Nurse Job Satisfaction: New Study Says Nurses Feel Disrespected
If diminished nurse job satisfaction and feelings of disrespect have you thinking you should have chosen a different career path, you’re not alone.
Medscape’s annual survey on nurse career satisfaction reported the opinions of 10,523 nurses on numerous topics, including the best and worst aspects of the profession.
While it’s not surprising that helping people and making a difference in people’s lives topped the chart as the best aspect of nursing for many nurses, the percentage of nurses feeling disrespected may come as a shock.
Disrespect Leading to Poor Nurse Job Satisfaction
Nurses participating in the survey included licensed practical nurses (LPNs), registered nurses (RNs), nurse practitioners (NMs), nurse midwives (NPs), clinical nurse specialists (CNSs) and certified registered nurse anesthetists (CRNAs).
When asked about the worst aspect of nursing, nurses in every role but NPs cited administration interaction and workplace politics as their top pick. However, lack of respect was a concern among many nurses surveyed.
An astonishing 18 percent of LPNs cited disrespect as a drawback of nursing, which ranked it as the number two complaint within this nursing role. However, LPNs with more time on the job cited this reason more frequently than newer LPNs.
Next in line were NMs with 12 percent of those surveyed feeling disrespected, and 9 percent of LPNs and 7 percent of RNs, CNSs and NPs also felt the sting of disrespect.
Gaining Respect from Others
While it's normal to have some bad days and challenging patients during your career, there are some things you can do to mitigate disrespect and increase nurse job satisfaction.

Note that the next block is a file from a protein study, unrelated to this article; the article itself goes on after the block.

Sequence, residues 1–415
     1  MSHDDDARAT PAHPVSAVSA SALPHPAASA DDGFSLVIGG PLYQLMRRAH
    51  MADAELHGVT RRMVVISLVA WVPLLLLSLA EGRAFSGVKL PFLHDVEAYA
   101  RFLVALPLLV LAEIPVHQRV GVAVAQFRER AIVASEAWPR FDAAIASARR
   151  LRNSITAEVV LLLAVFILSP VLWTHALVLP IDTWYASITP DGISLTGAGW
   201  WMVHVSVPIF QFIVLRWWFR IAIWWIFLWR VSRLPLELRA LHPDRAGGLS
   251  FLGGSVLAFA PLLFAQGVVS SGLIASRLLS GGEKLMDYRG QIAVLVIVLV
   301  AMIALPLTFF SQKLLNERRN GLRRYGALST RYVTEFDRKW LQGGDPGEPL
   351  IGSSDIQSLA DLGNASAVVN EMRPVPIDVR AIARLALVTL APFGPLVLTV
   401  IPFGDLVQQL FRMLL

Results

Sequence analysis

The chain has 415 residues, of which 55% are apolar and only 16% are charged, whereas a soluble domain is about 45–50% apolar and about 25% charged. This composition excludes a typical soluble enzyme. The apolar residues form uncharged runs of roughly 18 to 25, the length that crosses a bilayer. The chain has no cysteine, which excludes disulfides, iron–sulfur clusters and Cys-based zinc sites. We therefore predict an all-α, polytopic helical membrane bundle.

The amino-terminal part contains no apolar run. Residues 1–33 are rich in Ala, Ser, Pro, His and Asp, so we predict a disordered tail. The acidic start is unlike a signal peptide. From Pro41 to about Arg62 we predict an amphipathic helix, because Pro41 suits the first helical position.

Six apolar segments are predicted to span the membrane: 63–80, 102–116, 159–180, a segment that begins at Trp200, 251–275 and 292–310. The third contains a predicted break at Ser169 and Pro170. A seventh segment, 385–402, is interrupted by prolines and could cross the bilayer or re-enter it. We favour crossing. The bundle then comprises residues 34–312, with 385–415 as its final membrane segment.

- To get respect, you must give respect to others, including those you may not particularly like. Even if you have differing opinions with a co-worker, showing them professional respect encourages them, and others, to do the same towards you.
- Taking pride in your work and always striving to do the best job possible also goes a long way to earning and keeping the respect of the physicians and managers you work with and your peers.
- To be respected, avoid negative behaviors, such as spreading gossip or shifting blame for your own errors.
- If you display self-confidence, have self-respect and act worthy of other people’s respect, you should see an increase in the level of respect you receive at your workplace.
While at least 95 percent of nurses in all roles said they were glad they’d become a nurse, an unsettling 15 to 21 percent of nurses surveyed said they wouldn’t choose nursing as a career if they had it to do over again.
If the need for a little R-E-S-P-E-C-T has you wishing you’d pursued a different career, consider training for a new path within nursing or switch to a new practice setting to potentially regain your nurse job satisfaction.